Merge's Blog

Empty Your Email Inbox and Fill Your Team – Part II

DeriLatimer2As promised, Deri Latimer is back as a guest on the blog today, continuing from her post earlier this week in which she gave us ten specific ideas to reduce the amount of time you spend managing your email. Now that you have all this free time :), Deri’s post today focuses on eleven things you can do to invest in your people.

Now that your inbox is less full, and you are less imprisoned by a deluge of email, start instilling practices to fill your team. Some of the many possibilities include:

  1. Help. Give your team what they need most. Often you will find that what they need is some simple assistance from you. A vote of confidence to make a decision, certain tools to do the job properly, permission to vent (and then problem solve) about a frustrating customer/client experience.
  2. Invite. When you find yourself wondering something as it relates to your team, invite them to answer it. Yup, it’s that simple! If you want to know what motivates them, ask them. If you want more participation in meetings, ask for their ideas on how to get it.
  3. Co-create. Choose a strategy of co-creation. Rather than setting the vision and then ‘rolling it out’ to your staff, help them to co-create the vision with you. No ‘sell’ will be required if they are part of the creation.
  4. Celebrate. Take time to celebrate small wins often. You don’t have to wait for the huge milestone to be met. Celebrate several smaller moments along the way.
  5. Delegate. Someone out there would love to do the very things that you loathe. Take time to train them and then delegate the responsibility to them. Be available for questions (mostly at first) but leave the responsibility where it is assigned.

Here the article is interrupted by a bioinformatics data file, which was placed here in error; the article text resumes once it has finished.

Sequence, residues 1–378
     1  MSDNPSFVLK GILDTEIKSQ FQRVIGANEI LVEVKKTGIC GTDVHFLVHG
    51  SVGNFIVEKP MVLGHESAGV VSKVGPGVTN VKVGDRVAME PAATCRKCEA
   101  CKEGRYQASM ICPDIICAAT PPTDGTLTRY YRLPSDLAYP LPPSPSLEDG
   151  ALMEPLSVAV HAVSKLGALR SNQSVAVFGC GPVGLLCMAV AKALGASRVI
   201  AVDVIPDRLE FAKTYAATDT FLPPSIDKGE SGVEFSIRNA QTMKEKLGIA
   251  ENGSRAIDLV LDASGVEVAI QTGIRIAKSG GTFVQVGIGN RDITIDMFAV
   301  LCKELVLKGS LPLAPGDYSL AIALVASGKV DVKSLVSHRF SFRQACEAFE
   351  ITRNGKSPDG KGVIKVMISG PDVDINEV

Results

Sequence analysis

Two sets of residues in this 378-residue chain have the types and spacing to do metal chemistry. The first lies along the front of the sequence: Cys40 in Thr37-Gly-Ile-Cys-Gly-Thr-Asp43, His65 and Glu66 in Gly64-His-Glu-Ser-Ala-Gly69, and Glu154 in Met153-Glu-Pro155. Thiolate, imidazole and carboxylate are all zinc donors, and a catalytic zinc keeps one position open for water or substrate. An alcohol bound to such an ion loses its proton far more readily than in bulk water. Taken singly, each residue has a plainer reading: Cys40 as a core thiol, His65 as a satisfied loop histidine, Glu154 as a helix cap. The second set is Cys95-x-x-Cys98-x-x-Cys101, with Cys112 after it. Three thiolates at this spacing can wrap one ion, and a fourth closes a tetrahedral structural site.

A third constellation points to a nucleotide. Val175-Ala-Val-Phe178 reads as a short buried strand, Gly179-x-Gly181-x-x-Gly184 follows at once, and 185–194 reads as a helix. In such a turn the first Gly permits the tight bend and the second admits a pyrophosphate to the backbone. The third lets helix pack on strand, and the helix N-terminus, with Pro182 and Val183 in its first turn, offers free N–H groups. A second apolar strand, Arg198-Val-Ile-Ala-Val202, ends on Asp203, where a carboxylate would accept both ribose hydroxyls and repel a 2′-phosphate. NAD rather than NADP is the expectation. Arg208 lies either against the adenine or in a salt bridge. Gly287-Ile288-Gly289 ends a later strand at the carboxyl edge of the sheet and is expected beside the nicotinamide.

6. Have Fun. This is kind of a no-brainer. Just have fun. Period. Life is pretty darn funny if you take time to really look at it that way. If you aren’t sure that your funny bone is as developed as you’d like it to be, you know there is someone on your team who would be glad to give you some ideas.
  7. Recognize. Remember that what you appreciate, grows. So take lots of time to notice what’s good and to let people know what you appreciate about them. You’ll find a lot of that coming right back to you.
  8. Invest. Invest your time in your individual team members and the collective team. Sometimes that just means taking time to say ‘good morning’, or to ask about a personal event shared with you earlier. You will surely receive a high return on that investment.
  9. Relate. Take some of the time that you would have spent sending email, and hang out where your team hangs out. Is it around the water cooler? Taking a break in the lunch room? Mosey on over and join in the conversations about life. Show your team that you relate on a human level. Share in a laugh.
  10. Meet. Establish meeting protocols so that meetings actually serve to energize rather than frustrate your team. Your team will help you establish these because they know full well what will contribute to a successful meeting. Ask them.
  11. Energize. Include energizing activities that infuse some positive emotion into your meeting. You might select a warm up exercise from a source such as The Bob Pike Group or The Thiagi Group. And, you can ask the team (have you noticed that asking your team comes up pretty frequently??). They undoubtedly have some experience to share with you.

Bottom line: unplug from technology and plug in to people! You won’t be sorry.

So readers, what do you think about Deri’s list? Any additions? Any concerns about what she’s suggested. Jump in if you have an opinion!

Deri Latimer is an expert in positive possibilities for people! She combines a business degree in human resources management with 20 years of experience engaging audiences across every business sector. Deri provides inspiration and information to create psychologically healthy organizations for increased positivity, productivity, and profitability! Reach her at www.derilatimer.com.

Leave a Reply

Your email address will not be published.

This site uses Akismet to reduce spam. Learn how your comment data is processed.